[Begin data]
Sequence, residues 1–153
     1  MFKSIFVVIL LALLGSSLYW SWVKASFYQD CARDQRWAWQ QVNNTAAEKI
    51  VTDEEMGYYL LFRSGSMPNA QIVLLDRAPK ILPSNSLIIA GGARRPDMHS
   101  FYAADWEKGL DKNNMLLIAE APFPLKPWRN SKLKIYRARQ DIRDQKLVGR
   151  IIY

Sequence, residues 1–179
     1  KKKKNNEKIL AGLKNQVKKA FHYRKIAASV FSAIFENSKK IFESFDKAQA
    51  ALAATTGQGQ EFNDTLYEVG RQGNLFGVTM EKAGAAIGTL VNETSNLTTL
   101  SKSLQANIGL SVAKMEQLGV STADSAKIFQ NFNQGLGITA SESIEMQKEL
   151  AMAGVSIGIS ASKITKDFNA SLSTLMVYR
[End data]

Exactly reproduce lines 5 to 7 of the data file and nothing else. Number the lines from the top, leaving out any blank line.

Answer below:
   151  IIY

Sequence, residues 1–179
     1  KKKKNNEKIL AGLKNQVKKA FHYRKIAASV FSAIFENSKK IFESFDKAQA